Fantasia 2015 Review: TALES FROM BEYOND THE PALE, Where Death Smells Like Watermelon!
It was not looking good my friends. A couple of us just got out of our last screening for the day at Fantasia and were about to hoof it down to a local comedy club for the first ever international presentation of Tales From Beyond the Pale when we looked outside.
The heavens had opened up in an attempt to dissuade us from travelling to our destination to taint our ears with devilish linguistic largess. God was opposed to our desires and his rage translated into forks of lightning across the Montreal skyline. And it almost worked. We fled underground and arose at the other theater thinking we would have to resort to more cinema when God let up his guard. The rains ceased. The ankle high tidal waves slowed to mere puddles.
I'm not saying that there was a dove with an olive branch but we took it as a sign that God was distracted and looking the other way so we made our move and booked it before He knew what we had done. Let our children bear the punishments for our sins. We were going out for libations both spiritual and supernatural.
As stated before we made it our mission to bear witness to the first ever international presentation of the live radio show Tales From Beyond the Pale. As we were entering the club a Fantasia staff member and horror filmmaker himself said that he caught the show at Stanley Film Festival and that he watched the show for the first play and then closed his eyes for the remaining shows. Because that really is what radio plays were, theaters of the mind.
So rather than jostle for a seat closer to the stage we took up reserved seating at the bar at the back of the room. Why? Because I was on the guest list because that is how I frakking roll at Fantasia.
And it was seating at the frakking bar. The less you have to move to get drinks the more time you have to drink.
We could still make out the manic manipulations of the show's creator Larry Fessenden as he added some physicality to his performance in the second show. And we could just make out The Battery's Jeremy Gardner making out with his hand during the third act. We left the rest of night's workload up to our ears, and our livers.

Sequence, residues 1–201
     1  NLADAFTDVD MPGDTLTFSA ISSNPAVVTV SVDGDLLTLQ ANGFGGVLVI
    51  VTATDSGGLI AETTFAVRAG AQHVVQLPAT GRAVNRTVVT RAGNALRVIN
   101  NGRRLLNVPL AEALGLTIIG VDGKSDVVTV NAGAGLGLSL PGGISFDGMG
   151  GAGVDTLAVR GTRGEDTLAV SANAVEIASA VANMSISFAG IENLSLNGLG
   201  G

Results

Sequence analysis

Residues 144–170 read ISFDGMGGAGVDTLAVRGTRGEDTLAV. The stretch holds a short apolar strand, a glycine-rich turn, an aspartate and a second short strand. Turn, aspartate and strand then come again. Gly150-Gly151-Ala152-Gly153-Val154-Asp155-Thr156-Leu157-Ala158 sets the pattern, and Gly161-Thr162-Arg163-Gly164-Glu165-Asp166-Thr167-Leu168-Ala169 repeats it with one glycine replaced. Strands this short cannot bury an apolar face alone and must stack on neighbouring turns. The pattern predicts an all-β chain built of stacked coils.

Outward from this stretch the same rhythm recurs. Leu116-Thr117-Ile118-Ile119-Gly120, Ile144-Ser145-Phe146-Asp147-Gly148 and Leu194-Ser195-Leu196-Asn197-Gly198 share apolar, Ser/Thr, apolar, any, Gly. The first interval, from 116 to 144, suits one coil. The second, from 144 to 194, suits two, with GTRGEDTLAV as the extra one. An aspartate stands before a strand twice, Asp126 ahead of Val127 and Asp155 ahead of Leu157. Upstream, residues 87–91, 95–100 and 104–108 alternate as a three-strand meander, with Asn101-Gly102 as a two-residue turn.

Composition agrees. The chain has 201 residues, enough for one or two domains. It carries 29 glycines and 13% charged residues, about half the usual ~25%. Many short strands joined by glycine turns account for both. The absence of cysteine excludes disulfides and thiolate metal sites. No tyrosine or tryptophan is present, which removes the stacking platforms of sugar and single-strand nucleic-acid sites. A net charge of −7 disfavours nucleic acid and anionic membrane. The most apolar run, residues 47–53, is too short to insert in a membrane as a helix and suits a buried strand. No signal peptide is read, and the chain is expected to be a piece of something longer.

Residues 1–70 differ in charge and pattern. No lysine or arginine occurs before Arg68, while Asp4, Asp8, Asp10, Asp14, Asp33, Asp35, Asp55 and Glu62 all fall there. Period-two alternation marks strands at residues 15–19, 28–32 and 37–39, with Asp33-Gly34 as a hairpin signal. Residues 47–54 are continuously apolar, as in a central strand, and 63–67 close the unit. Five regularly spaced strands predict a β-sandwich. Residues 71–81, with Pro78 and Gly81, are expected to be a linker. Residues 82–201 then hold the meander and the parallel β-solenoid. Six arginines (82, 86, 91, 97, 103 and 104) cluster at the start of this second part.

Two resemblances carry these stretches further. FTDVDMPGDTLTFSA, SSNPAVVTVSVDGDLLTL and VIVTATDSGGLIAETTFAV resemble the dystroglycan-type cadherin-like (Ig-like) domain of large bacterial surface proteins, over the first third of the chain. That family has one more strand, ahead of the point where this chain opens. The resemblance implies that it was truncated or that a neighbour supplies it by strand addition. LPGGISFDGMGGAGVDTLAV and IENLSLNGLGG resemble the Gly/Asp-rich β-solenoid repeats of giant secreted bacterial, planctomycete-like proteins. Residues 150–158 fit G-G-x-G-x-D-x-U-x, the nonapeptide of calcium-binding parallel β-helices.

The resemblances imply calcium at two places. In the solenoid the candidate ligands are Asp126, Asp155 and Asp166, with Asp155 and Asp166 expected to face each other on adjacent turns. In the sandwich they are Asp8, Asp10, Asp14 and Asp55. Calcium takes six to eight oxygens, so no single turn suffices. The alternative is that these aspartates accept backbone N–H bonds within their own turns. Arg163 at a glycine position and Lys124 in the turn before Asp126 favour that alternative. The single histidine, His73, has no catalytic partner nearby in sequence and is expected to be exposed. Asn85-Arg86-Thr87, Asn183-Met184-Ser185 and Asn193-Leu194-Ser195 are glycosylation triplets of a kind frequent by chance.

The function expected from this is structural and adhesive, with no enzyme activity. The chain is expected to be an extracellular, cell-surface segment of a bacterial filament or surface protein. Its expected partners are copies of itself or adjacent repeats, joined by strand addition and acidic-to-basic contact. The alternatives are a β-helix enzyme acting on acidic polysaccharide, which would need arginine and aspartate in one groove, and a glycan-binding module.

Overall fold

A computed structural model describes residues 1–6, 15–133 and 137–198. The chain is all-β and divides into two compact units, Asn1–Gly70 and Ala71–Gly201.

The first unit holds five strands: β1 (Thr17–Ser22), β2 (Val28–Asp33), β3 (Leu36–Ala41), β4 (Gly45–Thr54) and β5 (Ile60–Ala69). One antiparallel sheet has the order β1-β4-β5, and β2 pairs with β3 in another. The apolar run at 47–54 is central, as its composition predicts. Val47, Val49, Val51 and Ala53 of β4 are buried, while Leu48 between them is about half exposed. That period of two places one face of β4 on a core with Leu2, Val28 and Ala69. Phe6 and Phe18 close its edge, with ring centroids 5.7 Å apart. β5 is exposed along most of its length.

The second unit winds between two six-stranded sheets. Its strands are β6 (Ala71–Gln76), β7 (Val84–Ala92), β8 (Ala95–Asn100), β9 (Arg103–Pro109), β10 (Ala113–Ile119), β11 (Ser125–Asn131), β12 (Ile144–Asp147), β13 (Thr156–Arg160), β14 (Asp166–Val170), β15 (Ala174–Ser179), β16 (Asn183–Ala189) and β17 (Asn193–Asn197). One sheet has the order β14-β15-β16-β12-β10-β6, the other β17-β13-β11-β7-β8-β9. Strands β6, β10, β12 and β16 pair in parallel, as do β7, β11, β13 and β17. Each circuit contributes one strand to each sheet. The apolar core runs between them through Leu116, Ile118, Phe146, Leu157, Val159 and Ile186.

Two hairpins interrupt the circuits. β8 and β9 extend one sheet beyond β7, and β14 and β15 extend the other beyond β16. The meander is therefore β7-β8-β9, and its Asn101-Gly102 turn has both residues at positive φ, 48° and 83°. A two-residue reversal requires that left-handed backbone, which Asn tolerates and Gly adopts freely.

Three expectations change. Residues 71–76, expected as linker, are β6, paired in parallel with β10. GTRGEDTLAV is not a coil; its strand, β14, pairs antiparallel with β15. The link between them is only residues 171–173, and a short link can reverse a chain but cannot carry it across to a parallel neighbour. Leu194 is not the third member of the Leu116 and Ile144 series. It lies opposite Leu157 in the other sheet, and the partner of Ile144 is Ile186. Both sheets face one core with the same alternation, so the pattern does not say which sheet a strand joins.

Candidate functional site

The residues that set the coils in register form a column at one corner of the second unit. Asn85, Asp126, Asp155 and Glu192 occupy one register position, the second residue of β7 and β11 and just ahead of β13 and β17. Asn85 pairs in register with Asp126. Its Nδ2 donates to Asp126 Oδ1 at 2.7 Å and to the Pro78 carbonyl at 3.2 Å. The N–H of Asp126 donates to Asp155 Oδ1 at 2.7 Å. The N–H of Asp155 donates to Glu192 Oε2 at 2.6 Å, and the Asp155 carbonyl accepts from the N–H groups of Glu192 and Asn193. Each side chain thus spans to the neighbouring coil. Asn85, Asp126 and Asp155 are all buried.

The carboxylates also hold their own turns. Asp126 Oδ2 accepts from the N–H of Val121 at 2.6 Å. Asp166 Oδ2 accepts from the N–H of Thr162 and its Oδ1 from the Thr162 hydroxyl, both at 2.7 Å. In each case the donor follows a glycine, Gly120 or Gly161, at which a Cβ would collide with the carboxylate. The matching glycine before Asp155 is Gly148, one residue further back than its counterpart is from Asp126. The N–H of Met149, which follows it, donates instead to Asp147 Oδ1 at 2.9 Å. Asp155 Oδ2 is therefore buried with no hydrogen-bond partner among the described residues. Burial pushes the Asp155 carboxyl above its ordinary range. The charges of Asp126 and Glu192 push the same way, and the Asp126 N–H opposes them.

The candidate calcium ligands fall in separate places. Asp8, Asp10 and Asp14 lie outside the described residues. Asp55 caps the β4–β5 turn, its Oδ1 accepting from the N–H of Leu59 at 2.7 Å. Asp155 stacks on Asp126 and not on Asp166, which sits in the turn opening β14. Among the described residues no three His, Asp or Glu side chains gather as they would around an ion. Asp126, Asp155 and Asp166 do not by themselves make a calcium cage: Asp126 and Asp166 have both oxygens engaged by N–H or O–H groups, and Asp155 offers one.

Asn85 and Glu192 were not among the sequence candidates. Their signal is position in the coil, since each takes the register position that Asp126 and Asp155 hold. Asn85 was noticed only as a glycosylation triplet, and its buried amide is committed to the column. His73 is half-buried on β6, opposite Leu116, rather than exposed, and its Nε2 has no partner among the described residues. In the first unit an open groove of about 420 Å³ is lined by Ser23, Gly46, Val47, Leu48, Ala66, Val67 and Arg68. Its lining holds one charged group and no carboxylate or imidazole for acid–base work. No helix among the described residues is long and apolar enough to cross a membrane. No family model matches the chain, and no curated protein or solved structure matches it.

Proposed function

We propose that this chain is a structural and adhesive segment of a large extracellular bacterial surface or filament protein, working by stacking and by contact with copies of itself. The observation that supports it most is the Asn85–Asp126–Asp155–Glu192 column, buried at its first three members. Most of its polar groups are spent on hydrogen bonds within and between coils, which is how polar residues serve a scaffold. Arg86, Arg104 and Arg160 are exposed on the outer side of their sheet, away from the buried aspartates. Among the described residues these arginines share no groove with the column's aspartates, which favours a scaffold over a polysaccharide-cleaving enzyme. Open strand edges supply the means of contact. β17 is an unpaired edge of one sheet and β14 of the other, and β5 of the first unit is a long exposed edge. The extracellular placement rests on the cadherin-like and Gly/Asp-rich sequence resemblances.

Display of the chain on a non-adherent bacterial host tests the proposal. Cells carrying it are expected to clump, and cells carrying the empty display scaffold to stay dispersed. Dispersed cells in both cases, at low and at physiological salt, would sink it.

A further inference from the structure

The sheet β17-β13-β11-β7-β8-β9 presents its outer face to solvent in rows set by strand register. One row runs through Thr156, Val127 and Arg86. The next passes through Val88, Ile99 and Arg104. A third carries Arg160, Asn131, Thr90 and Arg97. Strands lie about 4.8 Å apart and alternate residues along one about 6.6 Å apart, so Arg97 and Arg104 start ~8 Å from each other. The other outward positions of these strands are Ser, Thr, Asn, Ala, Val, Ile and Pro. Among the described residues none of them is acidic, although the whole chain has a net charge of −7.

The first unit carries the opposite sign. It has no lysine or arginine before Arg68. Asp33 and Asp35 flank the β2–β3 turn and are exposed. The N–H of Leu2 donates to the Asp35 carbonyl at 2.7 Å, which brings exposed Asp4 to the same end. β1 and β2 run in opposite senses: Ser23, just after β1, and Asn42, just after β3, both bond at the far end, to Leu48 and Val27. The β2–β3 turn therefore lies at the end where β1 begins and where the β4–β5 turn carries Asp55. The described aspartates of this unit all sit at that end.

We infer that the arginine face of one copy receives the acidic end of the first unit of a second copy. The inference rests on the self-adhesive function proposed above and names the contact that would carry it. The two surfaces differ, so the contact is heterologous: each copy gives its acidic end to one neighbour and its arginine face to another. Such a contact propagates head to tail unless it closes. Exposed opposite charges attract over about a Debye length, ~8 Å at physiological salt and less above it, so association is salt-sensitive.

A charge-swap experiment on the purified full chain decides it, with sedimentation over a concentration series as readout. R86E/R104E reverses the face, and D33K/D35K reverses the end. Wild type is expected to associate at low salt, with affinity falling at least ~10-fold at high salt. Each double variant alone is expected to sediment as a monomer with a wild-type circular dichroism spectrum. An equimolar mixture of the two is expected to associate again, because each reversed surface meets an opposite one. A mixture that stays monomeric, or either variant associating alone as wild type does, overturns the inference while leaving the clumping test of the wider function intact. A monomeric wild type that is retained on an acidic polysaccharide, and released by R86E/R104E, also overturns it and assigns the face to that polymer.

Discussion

What was old is new again. The radio shows that previous generations would entertain themselves by in years gone by should have been a lost art form. But horror filmmaker and producer Larry Fessenden has, for the past five years, been turning out regular seasons and live performances, radio plays for the digital age as the main site states it. And since Fessenden's work and passion is slanted to towards the horror genre the shows take on that dark and twisted nature.
So, armed with guest stars, top horror writers, musicians and some dandy foley artists Fessenden has set out to bring back that tradition and inject it with his own dark energy. The foley artists had all manner of tools up there with them. The small door was cute. They used half a watermelon and a butcher's knife for the stabbing effects (hence the title). ScreenAnarchy's own Izzy Lee was performing that night and she said that if you are close enough to the stage you can smell the watermelon when someone gets stabbed in the story. How's that for having that on your subconscious on every Summer picnic from here on out? There was just all manner of tools, practical and digital, for providing a soundscape for every tale. Fessenden, doing his best Crypt Keeper homage, introduced each radio play.